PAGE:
Irish Data Protection Commissioner Billy Hawkes has concluded his audit of Facebook, revealing encouraging news regarding the social media giant's commitment to change.
Facebook has found itself in hot water several times in 2011 as a result of its data tracking practices and user privacy settings. The controversy came to a head this fall when, amid a climate of renewed vigilance from European Union regulators, the social media pioneer submitted to a full audit of its Dublin headquarters.
This week, Commissioner Hawkes brought an end to the three-month investigation and released a road map that will guide Facebook Ireland's reforms moving forward.
"The audit has found a positive approach and commitment on the part of Facebook Ireland to respecting the privacy rights of its users," Hawkes explained. "Arising from the audit, Facebook Ireland has agreed to a wide range of 'best practice' improvements to be implemented over the next six months, with a formal review of progress to take place in July of next year."
Citing Facebook's "almost Darwinian nature" in terms of innovation, auditors stressed the importance of employing robust security mechanisms capable of addressing current concerns and evolving in step with the site's global popularity. As a result, Irish authorities noted that the latest report "is not the conclusion of [their] engagement with Facebook Ireland."
The Commission was also careful to root out any ambiguity in its recommendations and made several pointed requests of Facebook administrators. Specifically, the strategic vision called for a mechanism that effectively allows "users to convey an informed choice for how their information is used and shared on the site in relation to [third-party applications]." Enhanced transparency and user control were also requested in regards to the tagging and posting of content, exchange of personal data during registration and the use of controversial new features including facial recognition technology.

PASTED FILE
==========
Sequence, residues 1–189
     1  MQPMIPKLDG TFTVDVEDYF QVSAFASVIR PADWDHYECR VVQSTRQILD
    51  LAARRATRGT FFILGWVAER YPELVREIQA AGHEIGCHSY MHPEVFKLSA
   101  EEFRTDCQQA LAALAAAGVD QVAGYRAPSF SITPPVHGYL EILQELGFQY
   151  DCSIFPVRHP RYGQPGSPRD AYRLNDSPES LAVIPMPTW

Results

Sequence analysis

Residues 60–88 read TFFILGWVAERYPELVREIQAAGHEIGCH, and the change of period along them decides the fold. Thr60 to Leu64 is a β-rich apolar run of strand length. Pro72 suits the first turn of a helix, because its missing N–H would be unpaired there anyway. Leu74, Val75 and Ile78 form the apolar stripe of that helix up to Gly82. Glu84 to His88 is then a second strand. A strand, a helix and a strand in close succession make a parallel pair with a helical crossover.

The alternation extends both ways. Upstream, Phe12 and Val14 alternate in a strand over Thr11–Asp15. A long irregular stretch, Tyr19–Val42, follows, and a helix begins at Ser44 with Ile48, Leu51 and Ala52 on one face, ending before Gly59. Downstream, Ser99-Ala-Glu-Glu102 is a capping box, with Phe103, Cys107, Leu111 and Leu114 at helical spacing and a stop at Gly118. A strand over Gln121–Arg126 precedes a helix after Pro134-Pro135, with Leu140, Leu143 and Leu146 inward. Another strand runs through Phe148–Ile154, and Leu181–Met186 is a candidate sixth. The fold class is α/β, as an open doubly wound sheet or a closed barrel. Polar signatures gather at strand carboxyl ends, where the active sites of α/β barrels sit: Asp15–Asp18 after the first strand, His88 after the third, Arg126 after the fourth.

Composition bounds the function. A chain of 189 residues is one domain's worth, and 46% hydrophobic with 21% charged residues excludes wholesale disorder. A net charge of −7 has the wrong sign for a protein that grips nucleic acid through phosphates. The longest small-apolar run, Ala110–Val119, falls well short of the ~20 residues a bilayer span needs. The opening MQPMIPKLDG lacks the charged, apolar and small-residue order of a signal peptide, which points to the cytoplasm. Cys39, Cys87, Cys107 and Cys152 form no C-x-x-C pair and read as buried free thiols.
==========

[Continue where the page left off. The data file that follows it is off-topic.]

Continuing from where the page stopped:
By all accounts, Facebook administrators have raised no objections with the findings of the audit or the auditors recommendations.
"Audit reports are not frequently made public, but in this case, the DPC and Facebook agreed at the outset that – in the interest of transparency – the contents of the audit should be made public, in full, immediately upon completion," company spokesman Richard Allen wrote in a statement posted on the website. "We believe this is the best way for users and policymakers around the world to understand how thoroughly the DPC performed its examination and how closely we will be working together in the future."
Facebook's Dublin facility now manages the accounts of all users residing outside of the U.S. and Canada, but it will be interesting to see how its ongoing collaboration with the DPC will inspire or shape response to similar data security concerns surrounding the site's North American operations.
Late last month, Facebook settled Federal Trade Commission charges that implicated administrators in several deceptive data management practices. As a result, the social media giant has submitted to periodic assessments from independent, third-party auditors for the next 20 years.
Then just this week, a Bloomberg report confirmed that a California District Court has upheld a decision that would allow Facebook to be sued over advertising practices. Judge Lucy Koh stated that Facebook users may have legitimate concern over the "misappropriation of their names, photographs, and likenesses" in the endorsement of banner ads.
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